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  • Not enacted
    The President has not signed this bill
  • The senate has not voted
  • The house has not voted
      house Committees
      House Committee on Oversight and Government Reform
    IntroducedJuly 26th, 2018

What is it?

This bill — known as the Fairness in Federal Drug Testing Under State Laws Act — would prohibit marijuana metabolite testing from being used as the sole factor to deny an individual federal employment or terminate an existing federal employee as long as the individual is in compliance with the marijuana laws in their state of residence.

This bill would only extend to an individual’s past, private use of cannabis, and doesn’t prohibit probable cause testing if an individual is believed to be under the influence at work. It also doesn’t apply to individuals occupying or seeking positions that require top-secret security clearances.

The Office of Personnel Management (OPM) would be responsible for drafting regulations to implement the new rules.

Impact

Residents of states with legal marijuana; marijuana users; individuals seeking federal employment; federal employees; veterans; veterans seeking federal employment; medical marijuana users; and the Office of Personnel Management.

Cost

A CBO cost estimate for this bill is unavailable.

More Information

In-Depth: Rep. Charlie Crist (D-FL) introduced this bill to protect veterans’ treatment options and federal employment opportunities:

"Medical marijuana is an issue of compassion, and in the veterans' community, access is even more important as more and more veterans are turning to cannabis to address chronic pain and PTSD. At the same time, the federal government is the largest employer of veterans; however, private cannabis use even in states that have legalized medical marijuana is prohibited in these positions. [This] bill would protect federal employment for those in compliance with their state's cannabis laws. Because our veterans shouldn't have to choose between treatment options or job opportunities."

Current rationale for requiring all federal employees to be drug-free is stems from a 1986 executive order from President Ronald Reagan. Executive Order 12564 “expressly states that use of illegal drugs on or off duty by federal employees in positions with access to sensitive information may pose a serious risk to national security and is inconsistent with the trust placed in such employees as servants of the public.”

Danica Noble, a federal attorney of almost 10 years, advocated strongly for allowing federal employees to smoke marijuana in a 2015 Wired op-ed in which she argued that many otherwise highly qualified candidates for federal employment are disqualified by an outdated view on marijuana:

FBI Director James Comey said that the policy against hiring anyone who has smoked marijuana in the last five years has crippled our ability to prepare for cyber-attacks. He said all the best candidates are disqualified by this policy… [Recently,] Representative Gerry Connolly of Virginia offered an amendment that would require a congressional report on how marijuana’s status as a Schedule 1 drug is affecting our nation’s security, specifically whether it disqualifies the most efficient, productive, and suitable candidates.”

This bill is supported by Americans for Safe Access, Florida for Care, Marijuana Policy Project, National Cannabis Industry Association, NORML, Veterans Cannabis Coalition, and Weed for Warriors Project. NORML Political Director Justin Strekal says:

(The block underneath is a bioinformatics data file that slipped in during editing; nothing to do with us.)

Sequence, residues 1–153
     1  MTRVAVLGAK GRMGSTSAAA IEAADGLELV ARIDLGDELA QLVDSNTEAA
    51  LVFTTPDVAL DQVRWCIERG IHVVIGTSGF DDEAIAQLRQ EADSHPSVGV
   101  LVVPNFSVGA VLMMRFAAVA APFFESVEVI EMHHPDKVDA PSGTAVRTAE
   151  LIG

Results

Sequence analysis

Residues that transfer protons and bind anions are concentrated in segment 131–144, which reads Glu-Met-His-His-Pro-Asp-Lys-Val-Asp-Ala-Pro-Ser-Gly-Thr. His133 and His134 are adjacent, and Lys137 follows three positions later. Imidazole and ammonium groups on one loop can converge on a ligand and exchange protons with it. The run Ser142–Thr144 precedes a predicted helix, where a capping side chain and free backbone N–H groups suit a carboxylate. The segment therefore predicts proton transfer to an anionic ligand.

"The time for the federal government to end the practice of arbitrarily discriminating against current and potential workers for marijuana consumption is now. With 46 states having reformed their cannabis laws to be in direct conflict with the federal Controlled Substances Act, individuals acting in compliance with state law should not be denied the opportunity to serve their country as public servants.”

Past legislation seeking to address the gap between federal and state marijuana laws has been largely unsuccessful, with many bills dying in committee. Guidance issued by the Office of Personnel Management in May 2015, shortly after the District of Columbia legalized marijuana use, reminded agencies and their employees that “federal law on marijuana remains unchanged” and that persons who use illegal drugs are “not suitable for federal employment.

Just last year, U.S. Transportation Secretary Elaine Chao reminded employees of her agency that even medical marijuana patients have no excuse for failing a drug test:

“It has always been the intent of this program to follow the [Controlled Substances Act] regarding what constitutes a legally valid prescription. The term 'prescription' has become more loosely used in recent years. Some state laws allowing marijuana use the term 'prescription' [however most use "recommendation" because cannabis isn't FDA-approved], even though a recommendation for someone to use marijuana under state law is not a prescription consistent with the Controlled Substance Act."

There is one cosponsor of this bill, who is a Democrat.

This bill builds on a narrower amendment introduced by Rep. Crist earlier this year, which sought to protect military veterans who work for the Department of Veterans affairs from being fired for state-legal marijuana use. That amendment failed when GOP House leaders blocked it from receiving a floor vote.


Of Note: Since 1986, the Federal Drug-Free Workplace Program has prohibited all civilian employees at executive branch agencies from using federally illegal substances on or off duty. Medical marijuana is currently legal in 31 states, D.C., Puerto Rico, and Guam, and 46 states have some form of medical marijuana law — however, it remains illegal under federal law and therefore, federal employees can be denied employment or terminated due to testing positive for marijuana metabolites even if their use is in compliance with state law.